Smuggling was a response to the high tariffs imposed by the government on goods brought across the English Channel. Although classic items like whiskey and wine were no doubt smuggled, what’s really surprising is the mundane nature of much of the contraband, which included heavily taxed household items like tea, sugar and salt that we take for granted these days.

“To give you some figures, 1,300,000 lbs of tea were smuggled in 1743,”, Martin added. “And it’s estimated that £800,000 was lost each year due to smuggling activity.”

For Devon fishermen, running illicit goods was simpler and more lucrative than spending days out on the open sea hauling in nets. The rewards were high, and given that much of the coast guard and police were complicit in the trade, the risks of repercussions and even jail times were relatively low. 

Smuggling across the English Channel has never really been stamped out, either. These days, though, the illicit trade is somewhat more nefarious than moving around salt and tea bags. In November 2022, for example, the Exmouth Journal reported that a luxury yacht in the town’s marina had actually been seized by police for carrying some two tonnes of cocaine. It was later auctioned off for a cut-price sum. 

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A Pirate’s Life in Exmouth

“Walter Raleigh is one of my least favourite characters with a connection to Exmouth.”

Claire Martin

As we walked along the seafront, and past the new beach bar and watersports centre that’s part of Exmouth’s ongoing revitalisation work, Martin explained how the town’s connection to the sea also brought with it piracy. 

In the 15th century, a notorious pirate named William Kidd terrorised shipping lanes from his base in Exmouth. His crew would raid shipping along the French coast, and then sail their hauls back to the harbour for sale. As Kidd was operating during the Hundred Years’ War with France, his piracy was sanctioned by the King of England, although he stepped over the mark when he plundered ships from Jersey and Guernsey. 

This form of state-sanctioned piracy (which became known as ‘privateering’) took off during the Elizabethan era when English ships wrought havoc amongst the Spanish ships bringing back gold from the Americas. One of English history’s most infamous privateers was Sir Walter Raleigh, who was born and raised in the nearby village of East Budleigh, where a statue of him stands to this day.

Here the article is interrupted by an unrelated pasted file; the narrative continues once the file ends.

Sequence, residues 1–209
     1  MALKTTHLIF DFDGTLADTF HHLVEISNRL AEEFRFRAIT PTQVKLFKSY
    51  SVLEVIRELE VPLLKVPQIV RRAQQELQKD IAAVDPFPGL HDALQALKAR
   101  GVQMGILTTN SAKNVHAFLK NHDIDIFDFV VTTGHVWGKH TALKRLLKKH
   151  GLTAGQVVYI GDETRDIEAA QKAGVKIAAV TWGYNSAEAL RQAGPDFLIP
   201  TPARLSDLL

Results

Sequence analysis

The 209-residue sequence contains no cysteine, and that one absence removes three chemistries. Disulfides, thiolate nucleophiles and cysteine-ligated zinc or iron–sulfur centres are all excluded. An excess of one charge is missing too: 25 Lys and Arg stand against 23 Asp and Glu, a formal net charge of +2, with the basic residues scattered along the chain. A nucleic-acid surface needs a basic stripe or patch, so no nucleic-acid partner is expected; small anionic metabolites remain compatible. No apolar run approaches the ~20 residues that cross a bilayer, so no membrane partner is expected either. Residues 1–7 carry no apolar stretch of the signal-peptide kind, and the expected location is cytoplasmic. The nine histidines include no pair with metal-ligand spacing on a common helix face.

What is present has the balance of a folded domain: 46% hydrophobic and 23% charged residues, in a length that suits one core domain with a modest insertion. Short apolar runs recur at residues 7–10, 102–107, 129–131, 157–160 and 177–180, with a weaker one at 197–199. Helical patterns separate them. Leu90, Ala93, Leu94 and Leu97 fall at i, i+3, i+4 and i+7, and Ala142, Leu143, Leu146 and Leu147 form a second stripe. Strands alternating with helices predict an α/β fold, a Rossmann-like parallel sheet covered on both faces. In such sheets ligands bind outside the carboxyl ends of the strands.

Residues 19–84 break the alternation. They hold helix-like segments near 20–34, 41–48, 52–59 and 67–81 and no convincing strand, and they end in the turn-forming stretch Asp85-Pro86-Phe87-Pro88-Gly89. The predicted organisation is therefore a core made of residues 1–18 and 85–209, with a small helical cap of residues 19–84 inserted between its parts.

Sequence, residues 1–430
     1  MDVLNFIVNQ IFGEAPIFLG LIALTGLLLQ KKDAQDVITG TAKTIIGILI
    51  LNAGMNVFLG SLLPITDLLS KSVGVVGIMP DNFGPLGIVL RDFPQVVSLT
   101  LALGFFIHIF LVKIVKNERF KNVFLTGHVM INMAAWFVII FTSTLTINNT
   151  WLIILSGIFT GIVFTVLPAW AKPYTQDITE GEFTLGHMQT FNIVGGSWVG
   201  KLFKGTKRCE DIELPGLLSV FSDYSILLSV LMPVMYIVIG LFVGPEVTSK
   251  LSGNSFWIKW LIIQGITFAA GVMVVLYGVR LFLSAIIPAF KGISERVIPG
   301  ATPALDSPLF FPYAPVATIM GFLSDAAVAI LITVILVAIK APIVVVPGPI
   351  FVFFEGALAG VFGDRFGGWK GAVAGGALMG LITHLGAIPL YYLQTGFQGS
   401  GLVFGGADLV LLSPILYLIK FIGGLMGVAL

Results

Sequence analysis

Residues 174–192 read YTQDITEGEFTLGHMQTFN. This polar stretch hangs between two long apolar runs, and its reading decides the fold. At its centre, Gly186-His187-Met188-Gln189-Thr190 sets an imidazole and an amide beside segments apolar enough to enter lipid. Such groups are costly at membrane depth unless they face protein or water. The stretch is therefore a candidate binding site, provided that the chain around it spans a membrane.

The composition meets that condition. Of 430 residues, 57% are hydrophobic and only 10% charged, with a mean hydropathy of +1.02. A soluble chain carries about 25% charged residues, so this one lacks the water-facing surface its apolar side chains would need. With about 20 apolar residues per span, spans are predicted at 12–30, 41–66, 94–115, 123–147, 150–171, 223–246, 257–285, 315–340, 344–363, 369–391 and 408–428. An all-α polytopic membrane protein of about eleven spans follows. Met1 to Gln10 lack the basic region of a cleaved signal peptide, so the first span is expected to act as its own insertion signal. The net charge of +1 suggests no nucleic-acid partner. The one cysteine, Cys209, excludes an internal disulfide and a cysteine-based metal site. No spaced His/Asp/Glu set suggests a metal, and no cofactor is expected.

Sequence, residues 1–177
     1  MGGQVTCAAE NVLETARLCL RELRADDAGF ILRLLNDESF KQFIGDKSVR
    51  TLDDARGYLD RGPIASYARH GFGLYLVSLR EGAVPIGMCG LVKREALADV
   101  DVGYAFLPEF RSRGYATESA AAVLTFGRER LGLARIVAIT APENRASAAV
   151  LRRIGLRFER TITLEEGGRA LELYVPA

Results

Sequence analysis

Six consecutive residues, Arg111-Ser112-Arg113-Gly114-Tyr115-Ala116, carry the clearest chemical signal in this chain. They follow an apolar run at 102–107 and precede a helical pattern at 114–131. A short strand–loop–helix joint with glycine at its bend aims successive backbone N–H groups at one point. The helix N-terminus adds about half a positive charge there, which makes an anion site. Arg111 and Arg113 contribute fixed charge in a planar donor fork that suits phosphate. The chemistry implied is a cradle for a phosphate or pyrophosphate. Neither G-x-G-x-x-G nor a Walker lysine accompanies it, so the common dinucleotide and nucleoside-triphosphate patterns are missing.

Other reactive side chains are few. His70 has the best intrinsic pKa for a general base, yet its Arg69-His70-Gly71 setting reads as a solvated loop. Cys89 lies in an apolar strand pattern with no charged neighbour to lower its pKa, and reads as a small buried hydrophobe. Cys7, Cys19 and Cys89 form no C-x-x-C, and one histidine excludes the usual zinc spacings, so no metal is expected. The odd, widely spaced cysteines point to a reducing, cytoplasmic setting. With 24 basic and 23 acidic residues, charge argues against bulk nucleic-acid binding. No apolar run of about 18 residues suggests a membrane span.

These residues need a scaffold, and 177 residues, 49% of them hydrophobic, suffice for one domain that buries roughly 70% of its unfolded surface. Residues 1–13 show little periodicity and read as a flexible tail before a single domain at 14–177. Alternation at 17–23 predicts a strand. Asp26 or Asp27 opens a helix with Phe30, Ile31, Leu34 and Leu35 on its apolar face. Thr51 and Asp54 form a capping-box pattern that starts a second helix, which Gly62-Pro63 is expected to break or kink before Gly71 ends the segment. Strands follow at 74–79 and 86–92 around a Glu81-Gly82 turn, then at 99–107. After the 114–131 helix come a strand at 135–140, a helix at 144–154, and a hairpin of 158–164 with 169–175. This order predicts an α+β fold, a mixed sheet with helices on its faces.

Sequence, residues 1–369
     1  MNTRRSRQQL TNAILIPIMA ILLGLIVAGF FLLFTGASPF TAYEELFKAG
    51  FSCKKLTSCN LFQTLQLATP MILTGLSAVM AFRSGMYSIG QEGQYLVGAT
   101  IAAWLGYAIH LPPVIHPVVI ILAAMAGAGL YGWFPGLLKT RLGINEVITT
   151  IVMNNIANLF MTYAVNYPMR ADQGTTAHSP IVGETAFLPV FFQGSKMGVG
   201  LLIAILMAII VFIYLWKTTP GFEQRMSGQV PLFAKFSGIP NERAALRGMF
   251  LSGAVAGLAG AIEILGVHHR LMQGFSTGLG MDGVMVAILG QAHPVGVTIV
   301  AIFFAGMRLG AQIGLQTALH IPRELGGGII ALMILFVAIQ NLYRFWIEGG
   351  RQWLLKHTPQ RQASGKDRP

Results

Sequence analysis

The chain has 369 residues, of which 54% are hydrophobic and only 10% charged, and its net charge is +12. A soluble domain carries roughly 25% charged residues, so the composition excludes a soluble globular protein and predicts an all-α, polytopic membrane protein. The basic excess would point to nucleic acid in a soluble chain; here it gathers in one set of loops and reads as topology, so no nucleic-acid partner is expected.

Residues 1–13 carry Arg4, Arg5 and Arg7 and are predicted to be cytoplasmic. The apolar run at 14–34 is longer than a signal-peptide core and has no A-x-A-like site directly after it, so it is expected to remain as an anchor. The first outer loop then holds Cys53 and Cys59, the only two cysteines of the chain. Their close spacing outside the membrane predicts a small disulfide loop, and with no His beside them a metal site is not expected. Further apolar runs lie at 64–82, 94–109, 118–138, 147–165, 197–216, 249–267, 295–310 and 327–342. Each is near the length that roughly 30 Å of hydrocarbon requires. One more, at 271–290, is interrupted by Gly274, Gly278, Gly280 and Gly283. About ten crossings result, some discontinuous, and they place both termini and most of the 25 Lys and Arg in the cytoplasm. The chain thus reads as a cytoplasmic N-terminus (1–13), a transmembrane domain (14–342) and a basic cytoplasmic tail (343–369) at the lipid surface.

Raleigh completed journeys of ‘exploration’ to the Americas, where he was involved in acts of piracy and early English colonisation. Queen Elizabeth I awarded him a potentially lucrative charter, which allowed him to effectively conquer and plunder any “remote, heathen and barbarous lands, countries and territories, not actually possessed of any Christian Prince or inhabited by Christian people.” Eventually, though, Raleigh lost the favour of Queen Elizabeth I and was executed on spurious grounds of treason. 

Martin would rather he didn’t have a statue in the area. “Walter Raleigh is one of my least favourite characters with a connection to Exmouth,” said Martin. “He has a lot of credit for things that he most likely didn’t actually do (like planting the first potato in Ireland), but he did get involved in slave trading and other nasty business.”

Lesser known is the fact that the people of South Devon also suffered from acts of piracy themselves. In the 16th century, places like Exmouth were often raided themselves by the Spanish or French, while Barbary Pirates pillaged the coastline in search of slaves. Many a Devonian was whisked off to the slave markets of North Africa, never to return home again. 

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A walking tour along Devon’s oldest beachfront 

Try Krispies, for Exmouth’s award winning fish and chips.

Travel Tramp’s Travel Tips

On the surface, Exmouth looks like many a resort town in England, but dig a little deeper and there’s a fascinating past that you can’t learn by sitting on the beach.

That’s where Martin hopes to shake up the tourist scene in Exmouth with her new walking tour, and she’s particularly excited given that new projects -including the new beach bar we walked past, a revitalised seafront and even a coworking space for digital nomads – are reinvigorating this old seaside town. 

Read more: Smuggling, Sailing and Sustainability: A Tall Ship Journey Along the Cornish Coast

How to explore Exmouth’s history 

Exmouth is well connected to the UK’s southwestern rail network. Exeter is just a half-hour train ride away, from where you can catch trains to Bristol, London, and further west towards Plymouth and Cornwall. Check out National Rail for train services, or National Express for long-distance bus services. The town’s train station is just a two-minute walk from the town centre where Exmouth Tours begin their walks several times a week from outside the tourist information office

Check the Exmouth Tours website for an up to date schedule.